This page explains option underlying price (the price of the option's underlying asset), how it relates to strike price, and how it affects call and put option values.
What Is Underlying Price
Underlying price of an option is the current market price of the option's underlying asset.
Every option has an underlying asset (or underlying security or just underlying). A call option represents a right to buy the underlying asset at a fixed price (the option's strike price). A put option is a right to sell the underlying asset.
For instance, the underlying asset for a 200-strike Apple call option is the Apple stock. This option represents the right to buy 100 shares of Apple at the fixed strike price of $200 per share.
Note: Stock options traded on US exchanges typically have a contract multiplier of 100, which means one option contract is for 100 shares of the underlying stock.
Underlying price for this option is the current share price of Apple in the stock market.
Underlying Price vs. Strike Price
Every option has a strike price and an underlying price. It is very important to understand their difference.
Strike price is fixed. It is one of the parameters (specifications) of the particular option contract. It is the price at which the option holder can buy (if it is a call option) or sell (if put) the underlying security when exercising the option (an alternative name for strike price is exercise price).
Underlying price is variable. It is not specific to the option contract. Instead, it is specific to its underlying asset and it constantly changes. It is the price at which anyone (not just the option holder) can buy or sell the underlying asset directly in the stock market (if the underlying is a stock).
Option as an Alternative
There are two alternative ways to buy the underlying asset: either by exercising a call option or directly in the stock market.
Strike price and underlying price are the prices of each of these two alternatives.
Depending on the relationship between strike price and underlying price, one of these two alternatives is more attractive than the other.
The "better" the (fixed) strike price is relative to the (variable) underlying price, the more attractive it is to use the option (exercise it) rather than buy the underlying asset directly, and the more valuable the option is.
How Underlying Price Affects Call Option Values
Underlying Price above Strike Price
For instance, if the Apple share price is currently 230 in the stock market, a 200-strike Apple call option, which represents the right to buy 100 shares of Apple for $200 per share, is very valuable, as it allows the option holder to save $30 on each of 100 shares he can buy with the option. This option will certainly be trading at high premium in the options market.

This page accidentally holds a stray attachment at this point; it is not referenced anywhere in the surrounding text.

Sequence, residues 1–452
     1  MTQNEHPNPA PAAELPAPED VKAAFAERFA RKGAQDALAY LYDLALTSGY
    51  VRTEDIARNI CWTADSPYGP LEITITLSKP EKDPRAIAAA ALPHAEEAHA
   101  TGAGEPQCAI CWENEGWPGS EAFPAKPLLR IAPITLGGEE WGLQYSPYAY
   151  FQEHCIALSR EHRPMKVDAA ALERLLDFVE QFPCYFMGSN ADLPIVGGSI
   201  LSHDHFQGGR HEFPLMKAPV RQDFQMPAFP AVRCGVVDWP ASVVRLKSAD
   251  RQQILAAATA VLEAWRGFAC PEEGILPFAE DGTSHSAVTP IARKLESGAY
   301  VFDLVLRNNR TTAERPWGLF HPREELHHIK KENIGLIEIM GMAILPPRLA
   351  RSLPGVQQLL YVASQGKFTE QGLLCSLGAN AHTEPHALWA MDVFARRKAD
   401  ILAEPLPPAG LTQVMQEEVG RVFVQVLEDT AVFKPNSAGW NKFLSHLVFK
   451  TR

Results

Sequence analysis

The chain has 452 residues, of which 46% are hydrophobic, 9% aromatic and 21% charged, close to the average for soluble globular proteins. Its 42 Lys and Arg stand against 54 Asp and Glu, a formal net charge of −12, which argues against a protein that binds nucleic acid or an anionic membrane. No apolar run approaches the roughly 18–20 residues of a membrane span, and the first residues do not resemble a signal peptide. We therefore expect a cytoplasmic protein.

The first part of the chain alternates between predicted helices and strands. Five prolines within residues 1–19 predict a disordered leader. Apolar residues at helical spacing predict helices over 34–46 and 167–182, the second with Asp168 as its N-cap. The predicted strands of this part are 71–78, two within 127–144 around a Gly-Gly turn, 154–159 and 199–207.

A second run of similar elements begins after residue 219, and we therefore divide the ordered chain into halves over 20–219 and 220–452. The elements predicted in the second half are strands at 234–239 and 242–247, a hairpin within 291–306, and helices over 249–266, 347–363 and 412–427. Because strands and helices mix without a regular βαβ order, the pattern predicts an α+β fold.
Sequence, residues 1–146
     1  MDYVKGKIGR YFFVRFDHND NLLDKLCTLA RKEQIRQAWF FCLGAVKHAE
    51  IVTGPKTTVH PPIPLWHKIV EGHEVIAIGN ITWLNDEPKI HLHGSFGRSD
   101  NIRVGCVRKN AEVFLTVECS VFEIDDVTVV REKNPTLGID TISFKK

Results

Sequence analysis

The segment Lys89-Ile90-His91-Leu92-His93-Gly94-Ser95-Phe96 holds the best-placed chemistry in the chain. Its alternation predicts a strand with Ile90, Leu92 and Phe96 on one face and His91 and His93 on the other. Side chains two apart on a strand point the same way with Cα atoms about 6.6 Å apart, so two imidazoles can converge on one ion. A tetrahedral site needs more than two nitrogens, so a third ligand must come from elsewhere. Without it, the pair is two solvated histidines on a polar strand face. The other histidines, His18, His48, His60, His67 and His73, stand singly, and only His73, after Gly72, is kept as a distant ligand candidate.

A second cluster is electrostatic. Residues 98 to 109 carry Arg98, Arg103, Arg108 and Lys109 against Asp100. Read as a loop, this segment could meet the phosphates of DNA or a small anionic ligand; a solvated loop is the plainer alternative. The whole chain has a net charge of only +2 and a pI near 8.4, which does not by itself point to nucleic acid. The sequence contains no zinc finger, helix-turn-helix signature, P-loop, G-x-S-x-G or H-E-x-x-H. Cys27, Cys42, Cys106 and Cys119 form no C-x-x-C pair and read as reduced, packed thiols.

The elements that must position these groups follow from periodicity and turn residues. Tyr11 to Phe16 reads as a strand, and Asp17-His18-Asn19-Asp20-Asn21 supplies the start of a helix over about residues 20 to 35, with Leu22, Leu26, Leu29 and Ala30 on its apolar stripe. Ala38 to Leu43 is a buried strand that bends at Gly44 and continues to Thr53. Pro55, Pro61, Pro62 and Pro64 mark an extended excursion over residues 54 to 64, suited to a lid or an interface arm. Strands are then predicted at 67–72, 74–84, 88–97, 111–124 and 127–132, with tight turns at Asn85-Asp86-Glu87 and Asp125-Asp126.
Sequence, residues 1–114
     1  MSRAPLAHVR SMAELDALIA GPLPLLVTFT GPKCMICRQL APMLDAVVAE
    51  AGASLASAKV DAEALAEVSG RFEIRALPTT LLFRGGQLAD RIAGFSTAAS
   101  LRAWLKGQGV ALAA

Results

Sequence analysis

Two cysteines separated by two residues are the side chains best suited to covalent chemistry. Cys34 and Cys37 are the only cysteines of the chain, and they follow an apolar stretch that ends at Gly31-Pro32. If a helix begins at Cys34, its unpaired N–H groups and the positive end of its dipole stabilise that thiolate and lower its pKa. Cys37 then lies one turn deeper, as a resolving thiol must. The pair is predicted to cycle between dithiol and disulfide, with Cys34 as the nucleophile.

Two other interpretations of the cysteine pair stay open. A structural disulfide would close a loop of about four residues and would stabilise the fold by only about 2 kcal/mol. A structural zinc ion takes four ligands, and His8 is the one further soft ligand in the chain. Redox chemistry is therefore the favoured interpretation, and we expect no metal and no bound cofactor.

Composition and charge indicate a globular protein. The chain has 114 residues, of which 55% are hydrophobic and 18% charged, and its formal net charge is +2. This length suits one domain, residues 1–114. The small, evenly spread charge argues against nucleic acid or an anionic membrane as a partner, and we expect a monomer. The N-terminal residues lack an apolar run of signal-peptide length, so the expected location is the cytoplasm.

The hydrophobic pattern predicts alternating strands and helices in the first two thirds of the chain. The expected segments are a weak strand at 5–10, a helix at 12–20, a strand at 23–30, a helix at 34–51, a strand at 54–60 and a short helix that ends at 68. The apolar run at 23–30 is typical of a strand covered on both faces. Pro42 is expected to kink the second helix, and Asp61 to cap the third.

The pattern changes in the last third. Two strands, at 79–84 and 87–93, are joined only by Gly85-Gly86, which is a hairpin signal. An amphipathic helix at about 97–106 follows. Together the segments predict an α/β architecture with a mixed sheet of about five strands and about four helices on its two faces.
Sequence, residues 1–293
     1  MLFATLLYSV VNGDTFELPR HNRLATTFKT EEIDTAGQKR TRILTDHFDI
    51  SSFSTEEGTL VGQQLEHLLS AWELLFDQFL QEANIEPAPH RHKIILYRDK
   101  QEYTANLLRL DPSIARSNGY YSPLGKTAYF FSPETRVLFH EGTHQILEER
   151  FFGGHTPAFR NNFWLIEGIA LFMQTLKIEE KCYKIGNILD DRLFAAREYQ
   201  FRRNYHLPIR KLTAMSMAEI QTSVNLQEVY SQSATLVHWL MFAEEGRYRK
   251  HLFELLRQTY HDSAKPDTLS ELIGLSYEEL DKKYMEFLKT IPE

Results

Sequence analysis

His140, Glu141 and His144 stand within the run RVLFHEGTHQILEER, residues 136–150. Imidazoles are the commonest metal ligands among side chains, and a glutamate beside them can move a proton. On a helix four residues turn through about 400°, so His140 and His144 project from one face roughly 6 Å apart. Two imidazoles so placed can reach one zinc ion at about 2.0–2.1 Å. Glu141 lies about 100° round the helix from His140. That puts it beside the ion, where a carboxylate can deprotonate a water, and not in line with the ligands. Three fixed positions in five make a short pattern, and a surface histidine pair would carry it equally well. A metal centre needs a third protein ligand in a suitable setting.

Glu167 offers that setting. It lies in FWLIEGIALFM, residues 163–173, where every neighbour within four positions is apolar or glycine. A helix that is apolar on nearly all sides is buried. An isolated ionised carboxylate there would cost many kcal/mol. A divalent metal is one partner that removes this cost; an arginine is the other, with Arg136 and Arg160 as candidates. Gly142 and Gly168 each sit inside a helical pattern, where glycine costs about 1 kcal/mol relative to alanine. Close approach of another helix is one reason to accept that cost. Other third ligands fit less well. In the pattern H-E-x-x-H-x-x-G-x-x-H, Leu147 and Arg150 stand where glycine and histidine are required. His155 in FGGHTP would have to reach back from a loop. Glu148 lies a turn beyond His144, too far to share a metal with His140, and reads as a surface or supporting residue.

The saving of $30 per share can be calculated as the difference between underlying price ($230) and strike price ($200). It is called the option's intrinsic value and it is one of the two components of option premium (the other component is time value).
Underlying Price below Strike Price
Now consider an alternative scenario with Apple stock price at only 180. This means anyone can buy shares in Apple (the underlying asset) for $180 per share in the stock market. The option to buy them for $200 per share is not that attractive now. It won't save the option holder any money, so he will choose to not exercise the option and will buy the shares for $180 in the stock market instead. There is no saving with the option now – its intrinsic value is zero and the option is out of the money.
With underlying price at 180, the 200-strike call option will be worth much less than with underlying price at 230. It may not be worth zero, because there is still time value – a possibility that underlying price will rise above 200 before the option expires, allowing the holder to exercise later. Nonetheless, at underlying price 180, the option premium is much lower than at 230.
In general, the higher underlying price, the more valuable a call option is.
Underlying Price and Put Option Values
The relationship is the opposite with put options. Because they represent a right to sell (not buy) the underlying asset at the strike price, put options are more valuable when underlying price is low.
When underlying price is below a put option's strike price, the option holder can exercise the option to sell the underlying asset more expensively (for the fixed strike price) and get more cash than he would otherwise have received from selling the underlying directly in the stock market (for the underlying price).
Changes in underlying price have significant effect on option prices.
This effect is opposite for calls and puts.
The higher underlying price (relative to the fixed strike price), the higher call option values and the lower put option values.